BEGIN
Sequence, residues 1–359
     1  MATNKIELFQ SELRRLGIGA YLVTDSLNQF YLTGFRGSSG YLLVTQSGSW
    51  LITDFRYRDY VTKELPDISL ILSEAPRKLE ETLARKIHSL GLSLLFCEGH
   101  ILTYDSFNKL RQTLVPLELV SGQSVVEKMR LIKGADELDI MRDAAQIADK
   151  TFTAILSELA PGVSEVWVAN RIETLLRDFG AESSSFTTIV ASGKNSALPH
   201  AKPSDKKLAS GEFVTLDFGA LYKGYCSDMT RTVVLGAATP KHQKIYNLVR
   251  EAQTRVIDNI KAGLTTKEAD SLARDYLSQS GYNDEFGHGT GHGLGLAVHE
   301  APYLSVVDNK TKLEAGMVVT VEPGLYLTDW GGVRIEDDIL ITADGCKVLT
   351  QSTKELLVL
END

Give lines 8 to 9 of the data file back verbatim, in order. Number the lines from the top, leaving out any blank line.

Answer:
   301  APYLSVVDNK TKLEAGMVVT VEPGLYLTDW GGVRIEDDIL ITADGCKVLT
   351  QSTKELLVL